Sofa Shopping Shenanigans…Otherwise Known as the Nightmare of Incompetent Salespeople

There’s something therapeutic about going furniture shopping…or just shopping in general. Ladies and gays, I’m sure you can relate. Straight men, I’ve probably lost you already  (if you were even reading this to begin with).

Shopping becomes a literal hell, however, when you’re an interior designer and you’re shopping for yourself. Especially when you’re on the hunt for a new sofa. I know it’s not just me either because I was talking to my friend Courtney, one of my bestest friends from college, this evening and she went through the exact same experience recently in her quest to find a new place to park herself after a long day at work.

You’d think it’d be easy to find a sofa when you live in the third largest city in the country. With a population of nearly 3 million, Chicago should be a mecca for furniture stores. Okay, maybe it is, but when you’re a picky designer and know exactly what you want and the price you want to spend…all hell breaks loose.

Had I not just recently (successfully!!) finished reupholstering that chair I’d mentioned I’d been working on, the Great Sofa Hunt of 2014 would have been significantly easier. But no, I just HAD to pick a fabric that apparently is impossible to match/coordinate/compliment ANYTHING in the Chicago metropolitan area. Leave it to me. Typical.

After scouring websites, ordering fabric swatches, and generally not finding anything I was in love that fell within my budget, I set out to see what the city had to offer. Three weeks, nine different stores (local chain, large chain, and mom-and-pop), and countless grey hairs later I’d nearly given up hope.

The issues were countless.

  • The style is completely wrong.
  • The stitching is exposed and looks like it belongs on a cattle ranch in Texas.
  • The legs aren’t what I want and aren’t an option to change on this particular sofa.
  • The tufting ends at a weird spot.
  • It’s not tufted.
  • The chaise can’t flip from one side to the other – clearly a necessity since I have ADHD when it comes to furniture placement so it needs to move so I’m not locked into only a few options.
  • The cushions are removable and (if removed) look dumb.
  • The dimensions are off and it’s either too deep, too shallow, or the back or arms hit at an awkward height.
  • It’s too firm.
  • It’s too soft.
  • The floor model isn’t wearing very well.
  • It doesn’t come in a fabric option that’ll coordinate with my chair that I’m not about to get rid of or (god forbid) reupholster again.
  • Fork over an amount equal to nearly twice my rent to have this sit in my living room? Thanks, but no thanks.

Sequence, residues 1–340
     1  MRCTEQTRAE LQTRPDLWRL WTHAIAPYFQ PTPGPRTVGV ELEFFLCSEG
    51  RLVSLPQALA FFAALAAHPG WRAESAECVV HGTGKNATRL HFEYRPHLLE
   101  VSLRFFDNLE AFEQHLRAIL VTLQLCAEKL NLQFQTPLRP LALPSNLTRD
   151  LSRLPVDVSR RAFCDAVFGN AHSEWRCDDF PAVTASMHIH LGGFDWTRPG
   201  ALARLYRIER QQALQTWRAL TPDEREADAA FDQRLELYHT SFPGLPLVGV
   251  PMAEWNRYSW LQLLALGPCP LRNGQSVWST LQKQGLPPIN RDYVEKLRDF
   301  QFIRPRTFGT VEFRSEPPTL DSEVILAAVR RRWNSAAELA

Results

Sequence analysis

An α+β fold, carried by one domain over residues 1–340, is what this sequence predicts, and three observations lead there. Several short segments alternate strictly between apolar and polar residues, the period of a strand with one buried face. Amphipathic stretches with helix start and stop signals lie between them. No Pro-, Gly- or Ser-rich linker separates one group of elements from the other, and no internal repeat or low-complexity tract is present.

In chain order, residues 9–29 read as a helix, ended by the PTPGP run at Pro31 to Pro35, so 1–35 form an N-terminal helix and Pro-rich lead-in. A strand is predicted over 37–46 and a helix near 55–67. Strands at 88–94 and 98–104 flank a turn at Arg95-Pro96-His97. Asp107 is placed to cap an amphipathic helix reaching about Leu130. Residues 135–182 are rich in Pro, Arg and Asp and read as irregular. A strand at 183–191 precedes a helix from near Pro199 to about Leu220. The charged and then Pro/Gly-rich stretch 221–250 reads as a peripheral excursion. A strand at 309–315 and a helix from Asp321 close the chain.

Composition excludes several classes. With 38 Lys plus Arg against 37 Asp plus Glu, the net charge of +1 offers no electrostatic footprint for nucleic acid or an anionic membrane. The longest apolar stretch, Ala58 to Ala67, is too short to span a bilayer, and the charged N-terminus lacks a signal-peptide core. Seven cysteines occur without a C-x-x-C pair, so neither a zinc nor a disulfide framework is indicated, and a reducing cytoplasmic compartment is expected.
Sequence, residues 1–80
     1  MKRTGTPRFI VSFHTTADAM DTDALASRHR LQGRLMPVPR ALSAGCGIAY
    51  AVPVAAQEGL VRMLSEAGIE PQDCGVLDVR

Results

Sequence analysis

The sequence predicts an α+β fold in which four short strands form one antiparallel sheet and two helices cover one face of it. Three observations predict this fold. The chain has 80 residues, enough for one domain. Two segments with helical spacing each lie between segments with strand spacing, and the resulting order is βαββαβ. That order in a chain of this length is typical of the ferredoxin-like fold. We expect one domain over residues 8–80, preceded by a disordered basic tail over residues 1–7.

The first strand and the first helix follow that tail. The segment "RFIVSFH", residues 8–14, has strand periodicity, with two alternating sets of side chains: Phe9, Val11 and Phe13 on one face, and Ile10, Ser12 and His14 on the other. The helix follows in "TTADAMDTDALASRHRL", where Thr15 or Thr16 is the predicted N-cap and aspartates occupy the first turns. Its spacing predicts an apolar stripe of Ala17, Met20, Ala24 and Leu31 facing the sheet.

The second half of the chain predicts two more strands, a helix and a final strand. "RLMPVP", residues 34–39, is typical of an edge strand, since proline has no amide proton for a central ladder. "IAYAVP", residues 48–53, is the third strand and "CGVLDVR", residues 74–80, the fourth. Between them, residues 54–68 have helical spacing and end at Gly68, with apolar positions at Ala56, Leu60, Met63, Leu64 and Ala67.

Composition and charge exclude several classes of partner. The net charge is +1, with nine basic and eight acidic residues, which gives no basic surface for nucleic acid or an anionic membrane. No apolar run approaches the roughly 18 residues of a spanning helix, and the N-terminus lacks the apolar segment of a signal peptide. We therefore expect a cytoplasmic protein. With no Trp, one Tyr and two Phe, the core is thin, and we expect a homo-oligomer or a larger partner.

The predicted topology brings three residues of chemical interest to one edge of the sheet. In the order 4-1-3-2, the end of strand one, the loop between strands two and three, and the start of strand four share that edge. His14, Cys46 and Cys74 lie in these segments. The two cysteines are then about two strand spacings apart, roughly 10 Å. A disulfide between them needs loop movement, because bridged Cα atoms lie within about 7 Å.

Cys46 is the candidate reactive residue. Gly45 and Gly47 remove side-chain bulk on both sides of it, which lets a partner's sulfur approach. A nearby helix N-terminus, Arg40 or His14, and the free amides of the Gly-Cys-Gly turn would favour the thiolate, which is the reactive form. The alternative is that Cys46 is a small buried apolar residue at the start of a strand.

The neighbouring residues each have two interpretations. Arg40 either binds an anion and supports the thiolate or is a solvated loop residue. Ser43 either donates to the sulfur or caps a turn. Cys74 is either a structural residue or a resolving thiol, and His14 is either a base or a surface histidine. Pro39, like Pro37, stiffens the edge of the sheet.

• The salesperson is an absolute idiot.

Yes, I’m picky. I know. I’m well aware of this. I’m willing to search and search and search, however, until I find what I want. I’m willing to compromise on budget if needed, but it’s the salespeople who kill me.

If I tell you that A. I’m just looking, and B. I’ll come find you if I need your help, then I’m just looking and will come find you when I need your help. Period. End of statement.

If you’re going to insist on following me around and trying to close a sale, you had better be ready to answer any question I throw at you though.

For instance, if I ask you what other fabric options this comes in and if I can opt for a stain protection package (because let’s face it…I like my red wine), I expect you to know the answer right away. If you need to go ask, that’s fine, but don’t take all day. I have more places I can go.

I also expect you to know what kind of foam this sofa is made of, what kind of lead time it has (or even what a “lead time” is in general), and what double-rubs are. I mean come on now…you’re a salesperson working in a furniture store.

SIDE NOTE: For those of you who don’t know what double-rubs are, head over to Apartment Therapy – they have a great article explaining double-rubs (calculated by the Wyzenbeek test – look Stephanie, I paid attention in Materials!). If you’re a designer and you don’t know, well, you should probably reconsider your career choice.

Needless to say, I dealt with a lot of incompetent salespeople in my quest to find the perfect sofa, but I’m happy to report that after three weeks of searching, dropping about 30% more than I’d originally set out to spend, and a “4-6 weeks” lead time, I found, purchased and financed a custom-upholstered behemoth of a mid-century modern sofa was found…and it should finally be here this week!!!

Now if the delivery people can just manage to fit it into the freight elevator in my building and successfully get it into my apartment with out damaging it (or anything else for that matter), it’ll be a miracle.

So cheers – to being picky, getting what you want, and hopefully being able to sit on a sofa again instead of the floor by the end of the week!

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